The true story of Ludwig van Beethoven, focusing on a letter he wrote
to a nameless love and his secretary's search for the woman's identity.
Immortal Beloved (1994)
Written and Directed by Bernard Rose
Starring Gary Oldman, Jeroen Krabbé, Isabella Rossellini,
Johanna ter Steege, Marco Hofschneider, Miriam Margolyes,
Barry Humphries, Valeria Golino, Christopher Fulford
I didn't have very high expectations for Immortal Beloved. It was a biopic that fell through the cracks of the 90's and wasn't very highly regarded upon its release. Having now watched it, I will never understand why this film isn't put on a pedestal as one of the greatest films of Gary Oldman's career. Immortal Beloved is a fantastic biopic, beautifully weaving together the myth and the madness surrounding Ludwig van Beethoven. It tells the story of one of history's most complicated artists, a man who was hated by everyone in his life. This film tells you why he was who he was and how his life's work would've been impossible without it.
Gary Oldman disappears into the role of Beethoven, becoming the legendary composer in every respect. I've always enjoyed Oldman's work and his performance in this film ranks among his best. He shows the complications behind Beethoven's eccentric behavior, and how he lived for nothing but his music. The film also tells the story of a letter Beethoven wrote to the love of his life, a woman he called his "Immortal Beloved." The plot of the film revolves around Beethoven's secretary Anton Schindler (Jeroen Krabbé) trying to uncover the identity of this woman. By the film's end, when the woman's identity is discovered, the root cause behind Beethoven's hatred of life is revealed as well. I didn't expect to be moved, but it brought literal tears to my eyes.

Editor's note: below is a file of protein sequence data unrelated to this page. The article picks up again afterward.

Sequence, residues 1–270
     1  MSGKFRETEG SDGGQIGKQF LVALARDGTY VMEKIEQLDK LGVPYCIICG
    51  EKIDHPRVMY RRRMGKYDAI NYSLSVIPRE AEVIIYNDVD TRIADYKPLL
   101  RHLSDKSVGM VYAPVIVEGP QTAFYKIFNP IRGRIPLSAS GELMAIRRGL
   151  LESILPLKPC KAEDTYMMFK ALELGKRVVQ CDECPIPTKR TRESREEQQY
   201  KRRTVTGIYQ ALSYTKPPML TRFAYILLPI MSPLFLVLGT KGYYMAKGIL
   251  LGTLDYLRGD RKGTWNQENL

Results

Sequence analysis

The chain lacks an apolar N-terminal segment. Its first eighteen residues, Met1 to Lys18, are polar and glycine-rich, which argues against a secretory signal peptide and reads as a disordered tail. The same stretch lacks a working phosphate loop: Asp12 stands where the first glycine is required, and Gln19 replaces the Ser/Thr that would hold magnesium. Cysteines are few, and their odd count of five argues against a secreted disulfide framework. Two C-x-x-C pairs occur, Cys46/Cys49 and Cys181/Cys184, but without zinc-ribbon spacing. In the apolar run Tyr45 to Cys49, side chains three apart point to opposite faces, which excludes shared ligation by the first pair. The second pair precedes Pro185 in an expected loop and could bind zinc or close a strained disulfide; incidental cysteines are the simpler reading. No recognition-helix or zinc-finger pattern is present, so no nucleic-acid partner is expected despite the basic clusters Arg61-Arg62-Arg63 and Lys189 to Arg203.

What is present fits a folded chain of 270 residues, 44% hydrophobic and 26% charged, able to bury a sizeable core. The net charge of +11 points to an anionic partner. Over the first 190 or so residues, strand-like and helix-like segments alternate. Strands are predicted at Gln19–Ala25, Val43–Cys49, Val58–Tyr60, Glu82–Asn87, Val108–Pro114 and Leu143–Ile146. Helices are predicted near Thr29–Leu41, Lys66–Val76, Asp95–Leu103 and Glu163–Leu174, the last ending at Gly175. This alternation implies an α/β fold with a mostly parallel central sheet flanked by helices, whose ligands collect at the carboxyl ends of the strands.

I would compare Immortal Beloved to Amadeus, in terms of brilliant storytelling and impeccable performances. It gives us a look into the mind of a true madman, an artist who created beautiful music without being able to hear it. Through all of his misdeeds and horrible mistreatment of those who loved him, you can't help but feel sorry for Beethoven's sheer isolation. This film shows his inner darkness but provides a light within as well. It's this light that was snuffed out when Beethoven lost his Immortal Beloved.